DR: Yeah, I 100% trust my coaches and they trust me. When I tell a coach, I’m feeling this, maybe I should do that instead of this, they trust me and I trust them as far as the training schedule and when we peak. They have all that down. The biggest thing is just trust. We have that between each other. I think you have to have that. They trust that we’re doing the best thing for our careers, because we need to; and they are doing the best they can for our careers because we co-rely on each other. It is by all means a professional sports organization. We have goals, and we have to meet those goals and benchmarks. We trust each other that we’re going to do whatever it takes in each other’s best interests to get there.
5PM: I have to start asking more “fun” questions. We’ll start with you: who is your favorite wrestler from another country?
DR: The guy Kamal (Bey) beat to win Junior Worlds, Azkhol Makhmudov from Kyrgyzstan. He is wrestling (Roman) Vlasov in some super match soon. Last year at the World Championships in Serbia, he made it look effortless. He looked like a large cat playing with an antelope before it kills it. He knew it the whole time, that it was a slow game to his opponent’s demise. He could also win matches without playing with his meal. But, by gosh.
5PM: Who is your favorite American to watch?
DR: I would say that (Spenser) Mango, for inspiration. That was my answer after I won Fargo. They asked me my favorite Greco wrestler and I said “Spenser Mango”, which is cool now since he’s my coach and friend, my confidant and mentor. And then Andy (Bisek), as well.
5PM: What has been the best part thus far about joining Army/WCAP?
DR: I would say the family dynamic. Like I said, we all have each other’s best interests in mind. We’re family first and competitors second. I’m always trying to help someone, and someone is always trying to help me. The old adage of “iron sharpens iron”, I truly believe we have that. And come 2024, that iron is going to be pretty darn sharp.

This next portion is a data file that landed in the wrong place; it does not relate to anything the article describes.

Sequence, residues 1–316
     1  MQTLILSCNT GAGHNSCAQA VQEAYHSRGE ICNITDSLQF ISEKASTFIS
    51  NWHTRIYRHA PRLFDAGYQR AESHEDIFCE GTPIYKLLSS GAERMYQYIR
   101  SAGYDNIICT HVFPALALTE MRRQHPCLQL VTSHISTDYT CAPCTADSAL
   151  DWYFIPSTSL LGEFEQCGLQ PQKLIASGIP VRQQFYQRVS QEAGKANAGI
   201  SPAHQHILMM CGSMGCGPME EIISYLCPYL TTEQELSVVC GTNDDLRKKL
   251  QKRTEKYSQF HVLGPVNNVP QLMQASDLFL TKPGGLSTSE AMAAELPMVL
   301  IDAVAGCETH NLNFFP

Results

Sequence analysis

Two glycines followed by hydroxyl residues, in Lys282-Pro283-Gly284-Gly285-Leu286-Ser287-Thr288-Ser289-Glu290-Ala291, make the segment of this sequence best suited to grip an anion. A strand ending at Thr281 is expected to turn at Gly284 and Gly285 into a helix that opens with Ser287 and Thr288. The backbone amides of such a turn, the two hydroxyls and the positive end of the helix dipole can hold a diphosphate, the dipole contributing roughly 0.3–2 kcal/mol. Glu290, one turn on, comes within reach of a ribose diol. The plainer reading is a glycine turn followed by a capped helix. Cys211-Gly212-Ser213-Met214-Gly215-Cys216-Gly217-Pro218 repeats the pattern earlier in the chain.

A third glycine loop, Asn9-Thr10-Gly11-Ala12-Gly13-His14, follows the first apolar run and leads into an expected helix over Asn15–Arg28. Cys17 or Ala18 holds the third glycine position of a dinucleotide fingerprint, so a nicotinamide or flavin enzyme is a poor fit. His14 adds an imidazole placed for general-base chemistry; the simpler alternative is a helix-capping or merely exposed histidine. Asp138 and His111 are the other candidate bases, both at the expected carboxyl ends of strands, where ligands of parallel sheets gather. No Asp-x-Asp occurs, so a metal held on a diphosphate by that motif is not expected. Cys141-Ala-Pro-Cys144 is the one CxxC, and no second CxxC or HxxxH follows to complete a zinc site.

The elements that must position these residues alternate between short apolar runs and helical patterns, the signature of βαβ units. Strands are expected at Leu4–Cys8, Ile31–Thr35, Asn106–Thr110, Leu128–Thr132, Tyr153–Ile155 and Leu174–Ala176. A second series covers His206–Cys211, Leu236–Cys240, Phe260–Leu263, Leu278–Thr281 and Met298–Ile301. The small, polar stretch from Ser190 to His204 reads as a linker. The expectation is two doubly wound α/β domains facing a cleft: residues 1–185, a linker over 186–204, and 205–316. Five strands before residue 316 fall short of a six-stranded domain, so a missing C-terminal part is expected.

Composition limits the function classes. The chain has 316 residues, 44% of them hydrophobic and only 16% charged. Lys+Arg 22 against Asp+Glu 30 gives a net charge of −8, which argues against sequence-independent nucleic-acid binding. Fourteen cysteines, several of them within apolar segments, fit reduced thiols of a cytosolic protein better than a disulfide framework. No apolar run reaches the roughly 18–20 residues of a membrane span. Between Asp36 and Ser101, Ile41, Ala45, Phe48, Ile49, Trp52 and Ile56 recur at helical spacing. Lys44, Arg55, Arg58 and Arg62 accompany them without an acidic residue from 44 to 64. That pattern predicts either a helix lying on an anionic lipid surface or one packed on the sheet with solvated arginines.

5PM: You were someone who as a young man in high school knew that they wanted to pursue this style, pursue this way of life. Now you have become one of the top Greco-Roman wrestlers in the country at any weight class. What would you say to the 16 and 17-year-olds now who have similar aspirations but might be pulled in different directions?
Dalton Roberts: You have to realize that not everyone wants what’s best for you. There are these wrestlers who are multi-time state champs from big states that get a lot of recruiting attention, and they are probably being pulled in different directions. Not all of the people recruiting these kids have the best intentions for them. The recruiters’ interests are what’s best for their teams, and what they want might not be what the student wants. I would tell high school students to chase what you want. Don’t think that everyone else wants what you do. At the end of the day, you have to make your choices and be the one who lives with them. Make the decision that you truly do desire. Which for me, this is what I dreamt of. I’m happy living with my choices. This is awesome.